Lab managers are no strangers to the ongoing quality inspections that are required in order for a lab to continue operating. In fact, it’s not uncommon for labs to shelve all initiatives aside from day-to-day testing services for a few months prior to an inspection in order to gather and report on key performance indicators (KPIs). IT resources or analysts often are called in to sift through lab data and produce usable reports that rely on lagging metrics, such as the total number of resolved customer issues, average time to resolution, and defect occurrences.
Because HRM consolidates data into one platform for analysis, labs have immediate access to the insights needed to pass regulatory events or inspections without putting other aspects of the business on hold.
The insights generated by HRM also help labs streamline documentation processes across departments, proactively track issues and red-flag events, and increase efficiency and productivity.
At Sonora Quest Laboratories, Phoenix, for example, the lab activated an HRM solution and reduced the time needed to generate daily performance reports from 5 hours a day to just 45 minutes. Lab leaders can now instantly assess KPIs without sifting through multiple spreadsheets, and have the information they need to drive better quality and provider relationships (see Figure 2).
Energizing Sales and Service
The information available through HRM can give lab managers a clear view into all sales, marketing, and service activities so they better understand the sales pipeline and how sales teams can capture more high-value referral business. To maximize revenue, for example, lab managers can pinpoint highly profitable tests and the providers who order them.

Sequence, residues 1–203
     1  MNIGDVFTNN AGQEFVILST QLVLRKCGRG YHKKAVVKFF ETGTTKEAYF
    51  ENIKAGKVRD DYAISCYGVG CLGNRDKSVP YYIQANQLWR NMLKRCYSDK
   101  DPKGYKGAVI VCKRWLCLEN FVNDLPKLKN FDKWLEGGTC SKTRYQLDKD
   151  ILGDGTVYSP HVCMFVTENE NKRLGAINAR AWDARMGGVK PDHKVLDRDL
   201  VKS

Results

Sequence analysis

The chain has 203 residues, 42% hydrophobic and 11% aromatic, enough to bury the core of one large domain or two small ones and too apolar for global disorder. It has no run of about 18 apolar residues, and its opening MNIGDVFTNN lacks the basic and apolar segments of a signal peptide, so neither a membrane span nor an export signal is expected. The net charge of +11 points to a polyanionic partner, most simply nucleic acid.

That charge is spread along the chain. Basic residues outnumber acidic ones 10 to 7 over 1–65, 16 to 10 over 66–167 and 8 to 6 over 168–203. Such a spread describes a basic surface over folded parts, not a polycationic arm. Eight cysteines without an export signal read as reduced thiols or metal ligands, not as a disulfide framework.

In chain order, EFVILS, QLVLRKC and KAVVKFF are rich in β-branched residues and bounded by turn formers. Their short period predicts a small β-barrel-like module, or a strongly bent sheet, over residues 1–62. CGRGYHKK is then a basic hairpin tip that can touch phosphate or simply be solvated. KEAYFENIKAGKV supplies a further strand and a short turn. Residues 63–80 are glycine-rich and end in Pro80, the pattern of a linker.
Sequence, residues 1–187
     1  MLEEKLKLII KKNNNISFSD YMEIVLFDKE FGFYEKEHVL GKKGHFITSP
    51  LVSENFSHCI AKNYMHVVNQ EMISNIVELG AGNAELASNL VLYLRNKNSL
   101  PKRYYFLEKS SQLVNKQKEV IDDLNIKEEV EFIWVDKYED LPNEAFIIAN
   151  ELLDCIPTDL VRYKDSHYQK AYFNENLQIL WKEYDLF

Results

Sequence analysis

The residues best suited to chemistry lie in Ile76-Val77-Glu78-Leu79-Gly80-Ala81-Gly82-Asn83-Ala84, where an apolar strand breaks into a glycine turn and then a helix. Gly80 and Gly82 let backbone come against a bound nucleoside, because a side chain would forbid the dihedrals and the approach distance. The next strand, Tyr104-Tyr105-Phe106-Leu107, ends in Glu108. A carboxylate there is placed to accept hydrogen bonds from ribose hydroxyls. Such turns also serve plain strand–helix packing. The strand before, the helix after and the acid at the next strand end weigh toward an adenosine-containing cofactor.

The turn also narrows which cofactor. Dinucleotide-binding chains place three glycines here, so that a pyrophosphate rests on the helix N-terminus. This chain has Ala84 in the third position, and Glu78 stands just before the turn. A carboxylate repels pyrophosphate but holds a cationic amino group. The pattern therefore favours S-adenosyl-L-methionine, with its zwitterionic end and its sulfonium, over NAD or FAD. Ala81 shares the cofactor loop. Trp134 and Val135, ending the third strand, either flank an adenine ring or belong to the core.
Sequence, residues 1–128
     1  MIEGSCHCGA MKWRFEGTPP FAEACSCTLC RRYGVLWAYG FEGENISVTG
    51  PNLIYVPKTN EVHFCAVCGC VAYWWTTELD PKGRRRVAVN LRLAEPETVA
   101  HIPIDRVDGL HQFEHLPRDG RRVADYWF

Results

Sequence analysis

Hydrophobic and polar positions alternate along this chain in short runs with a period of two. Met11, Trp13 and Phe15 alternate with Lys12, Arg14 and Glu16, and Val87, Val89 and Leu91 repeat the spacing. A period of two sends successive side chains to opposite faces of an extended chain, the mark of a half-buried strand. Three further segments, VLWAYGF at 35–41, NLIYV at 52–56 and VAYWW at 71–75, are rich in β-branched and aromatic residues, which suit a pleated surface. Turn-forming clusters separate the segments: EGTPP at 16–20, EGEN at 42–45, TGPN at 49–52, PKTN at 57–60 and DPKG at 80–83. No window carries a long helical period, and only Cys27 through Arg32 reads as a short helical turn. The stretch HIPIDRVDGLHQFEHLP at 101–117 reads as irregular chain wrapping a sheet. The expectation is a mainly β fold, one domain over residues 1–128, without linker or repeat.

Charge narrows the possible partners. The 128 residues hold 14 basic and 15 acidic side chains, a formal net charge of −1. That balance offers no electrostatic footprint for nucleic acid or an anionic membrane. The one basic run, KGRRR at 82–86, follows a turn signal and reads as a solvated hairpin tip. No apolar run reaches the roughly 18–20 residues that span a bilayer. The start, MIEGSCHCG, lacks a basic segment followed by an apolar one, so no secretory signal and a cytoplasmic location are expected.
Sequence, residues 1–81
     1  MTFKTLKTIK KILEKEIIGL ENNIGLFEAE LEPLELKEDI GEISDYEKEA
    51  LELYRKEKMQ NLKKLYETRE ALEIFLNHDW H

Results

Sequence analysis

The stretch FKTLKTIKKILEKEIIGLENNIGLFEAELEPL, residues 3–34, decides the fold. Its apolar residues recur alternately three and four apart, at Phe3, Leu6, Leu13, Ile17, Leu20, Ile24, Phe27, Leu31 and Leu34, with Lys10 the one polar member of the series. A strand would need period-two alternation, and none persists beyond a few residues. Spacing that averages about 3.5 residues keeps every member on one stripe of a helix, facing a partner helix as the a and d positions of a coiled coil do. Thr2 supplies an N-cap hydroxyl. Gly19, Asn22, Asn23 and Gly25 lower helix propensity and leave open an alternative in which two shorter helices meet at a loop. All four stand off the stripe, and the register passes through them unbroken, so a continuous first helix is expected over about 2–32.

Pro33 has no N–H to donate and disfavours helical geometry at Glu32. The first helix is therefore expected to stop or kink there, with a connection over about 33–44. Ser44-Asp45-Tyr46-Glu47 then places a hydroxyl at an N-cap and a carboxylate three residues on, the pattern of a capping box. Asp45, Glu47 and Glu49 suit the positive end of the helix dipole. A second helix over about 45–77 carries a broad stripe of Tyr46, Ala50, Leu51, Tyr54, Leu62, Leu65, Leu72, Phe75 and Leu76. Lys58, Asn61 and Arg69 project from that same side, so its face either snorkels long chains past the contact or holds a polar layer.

Since holistic profiles of patients and providers are easily accessible, managers can closely monitor critical volume sources—within and beyond the health system—and instantly assess the health of each client relationship, providing personalized attention when needed. Dashboards give lab managers the information required to monitor recurring client issues and to pinpoint the root causes of those issues.
At Mid America Clinical Laboratories, Indianapolis, a leading Midwestern lab, managers use an HRM platform to identify any lab-related problems at a clinic or physician’s office before sending in account managers to address the issues. Lab managers say that before using their HRM platform, sales reps would go into a tense situation blind. Now, with knowledge about service issues, reps proactively offer solutions, leading to greater customer loyalty.
The HRM platform utilized by Mid America Clinical Laboratories also enables staff to serve as trusted partners to ordering physicians by ensuring appropriate test utilization. Today, much of what the sales and marketing staff discusses with physicians involves treatment guidelines, benchmarks, and how to use lab tests to improve patient outcomes (see Figure 3).
Reining-In Test Utilization and Costs
According to a study from Beth Israel Deaconess Medical Center, an estimated 30% of all laboratory tests performed in 2013 were unnecessary.4 Measuring and tracking such unnecessary or repetitive testing can be a daunting task; however, in today’s ‘volume-to-value’ transition, controlling test utilization and costs is essential. Proper test utilization can also build stronger relationships with patients by saving them time, physical discomfort, and money.
Using HRM, clinical labs have visibility into ordering data from their LIS and LIMS that enable them to understand:
- Are physicians adopting new tests to adhere to best practices and payor preferences?